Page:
I am a 21 year old Jew born and raised in New Jersey. I went to Hebrew school and had my Bar Mitzvah at a conservative temple. My parents are secular, and I’ve been living a secular life. Over the past three years in college, I’ve become close with a number of Rabbis at a local Orthodox youth organization on campus, and my interest in Judaism has grown significantly. I’ve celebrated Shabbat with Orthodox families in an Orthodox community, and I’ve seen what appear to be very happy people — husbands, wives, young children, and children my age.
I’ve internalized to a certain extent what I know to be the mindset of a Torah life, and I feel like I understand where a lot of this happiness comes from. However, considering how grand and true I feel this happiness could be, I know I must continue to probe and question it for falsehood. Recently, I’ve developed a question that I’m sure you can answer honestly. What do orthodox children (aged 6-18) do for fun by themselves, with other children, and with their parents? I only specify these ages because I assume children under 6 have fun with their parents and adults can live adult lives, but the people in between are often stuck with a lot of time on their hands, and this is when a lot of the more “sinful” fun-searching, identity-searching, and thrill-seeking occurs. When I was younger, much of our family time was spent in front of a TV or at the dinner table, and my time with friends was spent watching movies, playing video games, playing sports, and, in high school, occasional drinking, smoking, and hitting on girls. I’m sure my past and my living outside of an Orthodox community have much to do with my inability to conjure up possible alternative ways to spend my free time, but nevertheless I’m stumped.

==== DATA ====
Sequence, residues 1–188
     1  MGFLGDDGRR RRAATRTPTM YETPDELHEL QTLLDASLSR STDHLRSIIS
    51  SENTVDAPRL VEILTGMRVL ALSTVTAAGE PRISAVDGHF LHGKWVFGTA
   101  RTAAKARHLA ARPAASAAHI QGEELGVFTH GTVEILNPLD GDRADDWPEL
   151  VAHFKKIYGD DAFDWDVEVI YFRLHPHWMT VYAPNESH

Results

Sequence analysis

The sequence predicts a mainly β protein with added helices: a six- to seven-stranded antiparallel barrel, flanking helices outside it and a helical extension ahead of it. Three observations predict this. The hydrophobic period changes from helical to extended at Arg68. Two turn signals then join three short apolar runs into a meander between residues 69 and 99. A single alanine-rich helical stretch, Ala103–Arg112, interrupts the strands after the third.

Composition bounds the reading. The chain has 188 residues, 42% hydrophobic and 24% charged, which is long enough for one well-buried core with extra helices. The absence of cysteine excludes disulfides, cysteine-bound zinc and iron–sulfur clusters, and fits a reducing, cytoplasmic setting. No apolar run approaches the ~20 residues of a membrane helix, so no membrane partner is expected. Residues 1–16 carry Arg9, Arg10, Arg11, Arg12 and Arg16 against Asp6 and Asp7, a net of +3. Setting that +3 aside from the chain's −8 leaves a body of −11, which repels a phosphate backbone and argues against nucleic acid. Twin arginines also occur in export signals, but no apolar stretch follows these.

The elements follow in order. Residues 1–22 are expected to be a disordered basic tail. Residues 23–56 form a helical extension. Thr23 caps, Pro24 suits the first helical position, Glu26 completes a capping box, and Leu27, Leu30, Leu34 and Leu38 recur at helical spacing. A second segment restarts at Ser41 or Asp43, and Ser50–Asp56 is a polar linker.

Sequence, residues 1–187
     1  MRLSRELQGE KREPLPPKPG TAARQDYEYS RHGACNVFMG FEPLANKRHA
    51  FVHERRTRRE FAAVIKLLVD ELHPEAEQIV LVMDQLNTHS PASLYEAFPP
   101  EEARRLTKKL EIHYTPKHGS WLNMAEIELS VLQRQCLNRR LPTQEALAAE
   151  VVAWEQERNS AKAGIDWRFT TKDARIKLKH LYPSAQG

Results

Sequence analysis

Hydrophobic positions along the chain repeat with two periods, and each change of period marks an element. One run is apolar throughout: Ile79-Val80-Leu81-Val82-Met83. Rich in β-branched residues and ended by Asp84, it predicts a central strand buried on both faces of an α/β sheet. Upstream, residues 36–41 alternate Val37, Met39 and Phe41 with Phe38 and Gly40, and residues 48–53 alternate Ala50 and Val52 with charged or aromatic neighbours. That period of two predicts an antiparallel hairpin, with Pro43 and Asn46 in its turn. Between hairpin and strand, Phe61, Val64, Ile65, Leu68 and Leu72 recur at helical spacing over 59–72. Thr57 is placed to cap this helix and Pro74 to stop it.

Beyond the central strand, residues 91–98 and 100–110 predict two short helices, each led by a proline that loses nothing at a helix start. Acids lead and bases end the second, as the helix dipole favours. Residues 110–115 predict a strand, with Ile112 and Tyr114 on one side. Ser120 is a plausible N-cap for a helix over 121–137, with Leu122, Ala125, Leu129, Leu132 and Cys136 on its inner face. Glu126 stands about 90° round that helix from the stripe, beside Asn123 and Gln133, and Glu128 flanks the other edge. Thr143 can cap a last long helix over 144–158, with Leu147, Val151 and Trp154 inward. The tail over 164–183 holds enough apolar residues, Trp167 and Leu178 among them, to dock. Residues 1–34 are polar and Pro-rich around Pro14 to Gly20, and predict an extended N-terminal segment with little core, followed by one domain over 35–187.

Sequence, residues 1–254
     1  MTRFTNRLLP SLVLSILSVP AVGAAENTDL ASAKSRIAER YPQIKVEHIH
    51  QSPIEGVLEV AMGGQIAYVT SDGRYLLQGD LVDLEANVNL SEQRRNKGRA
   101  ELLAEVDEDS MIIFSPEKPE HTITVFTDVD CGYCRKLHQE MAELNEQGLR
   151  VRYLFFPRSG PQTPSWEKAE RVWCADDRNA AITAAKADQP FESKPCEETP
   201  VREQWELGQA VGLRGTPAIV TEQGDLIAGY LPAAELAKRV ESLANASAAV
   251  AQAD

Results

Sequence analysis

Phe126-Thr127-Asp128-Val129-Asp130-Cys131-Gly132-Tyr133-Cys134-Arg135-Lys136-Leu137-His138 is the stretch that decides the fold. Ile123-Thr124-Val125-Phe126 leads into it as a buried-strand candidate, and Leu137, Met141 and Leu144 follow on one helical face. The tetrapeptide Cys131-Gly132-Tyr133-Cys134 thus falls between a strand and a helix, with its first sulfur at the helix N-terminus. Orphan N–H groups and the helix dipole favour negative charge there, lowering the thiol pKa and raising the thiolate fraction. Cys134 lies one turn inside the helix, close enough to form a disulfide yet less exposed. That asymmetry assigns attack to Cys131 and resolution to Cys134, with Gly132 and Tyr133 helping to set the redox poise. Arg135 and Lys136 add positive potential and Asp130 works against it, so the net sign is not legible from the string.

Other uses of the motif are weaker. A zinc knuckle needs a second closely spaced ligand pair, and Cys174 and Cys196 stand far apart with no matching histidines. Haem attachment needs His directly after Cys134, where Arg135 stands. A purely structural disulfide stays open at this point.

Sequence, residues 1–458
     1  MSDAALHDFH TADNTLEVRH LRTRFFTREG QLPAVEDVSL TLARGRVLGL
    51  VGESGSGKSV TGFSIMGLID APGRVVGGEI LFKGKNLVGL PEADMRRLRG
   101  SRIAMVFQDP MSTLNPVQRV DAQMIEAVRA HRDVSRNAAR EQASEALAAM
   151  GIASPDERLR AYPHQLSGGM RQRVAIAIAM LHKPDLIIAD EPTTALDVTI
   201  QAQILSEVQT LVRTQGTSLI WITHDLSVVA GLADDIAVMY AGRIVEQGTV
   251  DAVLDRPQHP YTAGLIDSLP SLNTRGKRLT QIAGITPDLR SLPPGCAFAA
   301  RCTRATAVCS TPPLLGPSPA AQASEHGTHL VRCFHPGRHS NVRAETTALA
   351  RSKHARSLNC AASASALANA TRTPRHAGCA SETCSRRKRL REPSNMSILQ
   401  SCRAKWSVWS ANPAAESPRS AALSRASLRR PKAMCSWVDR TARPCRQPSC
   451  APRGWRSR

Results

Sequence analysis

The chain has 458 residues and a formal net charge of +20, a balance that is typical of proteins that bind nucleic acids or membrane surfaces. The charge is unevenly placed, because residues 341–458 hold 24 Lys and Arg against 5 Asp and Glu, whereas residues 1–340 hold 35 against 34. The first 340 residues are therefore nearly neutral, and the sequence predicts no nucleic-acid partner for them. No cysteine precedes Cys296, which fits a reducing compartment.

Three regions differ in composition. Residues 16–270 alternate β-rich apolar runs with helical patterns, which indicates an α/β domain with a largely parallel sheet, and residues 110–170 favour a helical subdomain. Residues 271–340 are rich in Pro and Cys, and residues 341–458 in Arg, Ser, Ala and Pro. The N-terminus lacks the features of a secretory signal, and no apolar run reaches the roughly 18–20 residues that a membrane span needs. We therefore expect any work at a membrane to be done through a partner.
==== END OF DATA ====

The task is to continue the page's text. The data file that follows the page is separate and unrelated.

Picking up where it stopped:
Thank you for reading, and I look forward to your response!
I totally understand where you are. Looking from the outside in, you’re very moved by what you see, but at the same time you’re trying to figure out if you could BE one of those people since they still seem kinda…different. Before I get into specific ways Orthodox kids and teens spend their time, I need to clarify a point. Orthodox Jews are a more diverse group than you might realize. Although it seems like you haven’t been exposed to it yet, there are Orthodox kids and teens that do much of the stuff you grew up doing, but within a Torah framework. (There are unfortunately some Orthodox Jews who do things outside of a Torah framework, but for the purposes of this answer, let’s just stick with one could do within the boundaries of Jewish law.)
In terms of the “non-sinful” things you did, like watching TV and movies and playing video games and sports, all of these things could be done in a kosher way. There’s a divide within the Orthodox world about how to treat secular knowledge, media, and past times. There are some (those in the “ultra-Orthodox” camp) who believe that only specifically Jewish information and media should be consumed and there are others – people in my circles, Centrist Orthodox, also known as Right Wing Modern Orthodox – who believe that as long as you’re discerning about the movies, TV, books, video games, etc., there is acceptable and even valuable media and information that we can take from the larger world. (In terms of monitoring what shows and movies kids watch, our family, and many others in our circles don’t have a TV, but instead let our kids watch selected shows and movies on the computer.)
In terms of sports, Modern Orthodox kids and teens play tons of sports, they just don’t play on them Shabbos. (Ultra-Orthodox boys play some sports as well, but Chasidic boys generally avoid things like football and basketball. More on that later.) The only other halachic issue with sports could be modesty. So swimming is done separately, and for girls who take dance classes or gymnastics, once they reach the age of dressing modestly (in our circles, it usually begins around 5) they would only wear a leotard around other girls or women.